To accomplish this task a second '51 Ford dashboard was used for parts, and rather than try to keep the asymmetrical design, Honest Charley opted to go symmetrical in the basic design. To that end the second dashboard donated the speedometer "brow" and some of the raised portion of the dashboard. Then Richard Marter deftly cut up the pieces and welded them to the original dash. Like all modifications patience and careful alignment of panels are imperative. The original glovebox was sacrificed, but the glovebox door was severely sectioned and relocated toward the center of the dashboard. Vintage Air in-dash outlets were located and then the dash was ready for final prep and paint. When it was all completed it looked like a dashboard that could have been stamped in Dearborn in 1951.
When the donor car for the 2013 AMSOIL/STREET RODDER Road Tour car arrived, one of the best pieces was the uncut dashboard. The '51 Ford dashboard is one of the best looking dashboards ever built.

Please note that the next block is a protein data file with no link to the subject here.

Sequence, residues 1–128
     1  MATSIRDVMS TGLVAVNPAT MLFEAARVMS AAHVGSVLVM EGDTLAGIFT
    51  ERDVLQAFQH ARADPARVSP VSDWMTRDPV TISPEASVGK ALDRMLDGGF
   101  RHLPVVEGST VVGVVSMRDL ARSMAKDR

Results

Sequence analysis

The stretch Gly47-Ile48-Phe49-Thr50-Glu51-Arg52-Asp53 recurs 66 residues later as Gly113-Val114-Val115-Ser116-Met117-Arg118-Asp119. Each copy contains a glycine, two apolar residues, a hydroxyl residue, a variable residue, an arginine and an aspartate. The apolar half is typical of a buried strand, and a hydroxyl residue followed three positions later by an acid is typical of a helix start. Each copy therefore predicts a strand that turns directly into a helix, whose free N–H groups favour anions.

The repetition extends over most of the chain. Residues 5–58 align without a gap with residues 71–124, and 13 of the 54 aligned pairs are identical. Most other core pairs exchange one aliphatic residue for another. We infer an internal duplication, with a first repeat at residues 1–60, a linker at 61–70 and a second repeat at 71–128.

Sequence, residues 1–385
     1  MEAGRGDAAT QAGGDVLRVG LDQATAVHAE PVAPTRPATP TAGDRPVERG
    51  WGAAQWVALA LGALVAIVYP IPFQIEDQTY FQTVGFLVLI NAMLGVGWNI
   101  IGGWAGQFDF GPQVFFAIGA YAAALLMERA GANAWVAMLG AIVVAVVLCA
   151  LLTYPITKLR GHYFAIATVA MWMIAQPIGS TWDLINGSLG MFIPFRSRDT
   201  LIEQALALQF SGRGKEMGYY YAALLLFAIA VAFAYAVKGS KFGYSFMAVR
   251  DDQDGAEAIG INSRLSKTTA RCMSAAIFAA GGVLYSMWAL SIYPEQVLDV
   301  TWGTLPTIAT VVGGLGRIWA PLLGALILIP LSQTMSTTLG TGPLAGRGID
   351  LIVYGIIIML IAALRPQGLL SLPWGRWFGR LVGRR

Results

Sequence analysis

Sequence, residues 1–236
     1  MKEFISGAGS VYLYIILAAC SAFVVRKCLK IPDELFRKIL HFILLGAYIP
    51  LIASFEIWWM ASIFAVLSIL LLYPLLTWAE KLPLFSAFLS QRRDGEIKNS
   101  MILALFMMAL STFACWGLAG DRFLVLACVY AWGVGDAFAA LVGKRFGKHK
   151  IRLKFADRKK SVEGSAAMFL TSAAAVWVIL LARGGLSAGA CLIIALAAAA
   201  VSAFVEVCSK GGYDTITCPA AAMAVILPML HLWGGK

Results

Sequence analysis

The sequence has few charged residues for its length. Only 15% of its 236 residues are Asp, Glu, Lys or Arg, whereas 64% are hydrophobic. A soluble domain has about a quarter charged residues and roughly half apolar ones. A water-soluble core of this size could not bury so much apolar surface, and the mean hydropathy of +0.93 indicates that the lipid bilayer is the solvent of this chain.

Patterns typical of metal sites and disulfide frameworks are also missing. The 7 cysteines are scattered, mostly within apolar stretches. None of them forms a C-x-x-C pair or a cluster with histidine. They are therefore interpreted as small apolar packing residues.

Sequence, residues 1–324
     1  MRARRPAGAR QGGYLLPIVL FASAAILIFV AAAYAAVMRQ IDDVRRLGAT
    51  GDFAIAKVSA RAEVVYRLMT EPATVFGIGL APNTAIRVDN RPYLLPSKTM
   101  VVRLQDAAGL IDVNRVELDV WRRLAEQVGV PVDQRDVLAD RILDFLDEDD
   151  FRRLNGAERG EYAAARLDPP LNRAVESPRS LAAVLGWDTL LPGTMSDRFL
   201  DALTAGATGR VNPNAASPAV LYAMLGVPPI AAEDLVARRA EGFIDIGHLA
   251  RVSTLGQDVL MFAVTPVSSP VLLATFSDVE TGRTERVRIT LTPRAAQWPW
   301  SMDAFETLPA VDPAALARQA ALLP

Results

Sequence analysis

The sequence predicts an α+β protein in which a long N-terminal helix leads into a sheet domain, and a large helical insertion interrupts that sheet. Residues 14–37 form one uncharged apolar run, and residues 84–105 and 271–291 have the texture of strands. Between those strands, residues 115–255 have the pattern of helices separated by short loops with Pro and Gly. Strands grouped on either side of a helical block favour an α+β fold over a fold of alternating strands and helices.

Honest Charley Garage located this second dashboard, it was cut up to provide pieces for the modification. You know what they say, "You have to break a few eggs to make an omelet."
The speedometer brow and the associated raised feature line were cut off the donor dashboard to be relocated on the passenger side of the dashboard. This second brow will hold a large rally clock specially built by Dakota Digital for the car.
After removing the glovebox hinge, the bottom of the seam on the bottom of the dashboard was welded together with a Miller MIG welder.
Forming the filler piece for the glovebox opening was a straightforward job of simply rolling a piece of 18-gauge sheetmetal to fill the opening.
Looking at the bottom of the dash illustrates how the panel filled the glovebox opening up to the dogleg in the stock dashboard. The gaping hole to the right once held a large radio speaker.
A little work with the Eastwood hammer and dolly ensures the panels are perfectly matched prior to final welding.
This piece was also removed from the donor dashboard. This is the piece of the feature line that went diagonally across the dashboard to the bottom of the dash. We transplanted this piece to the far right of the dashboard.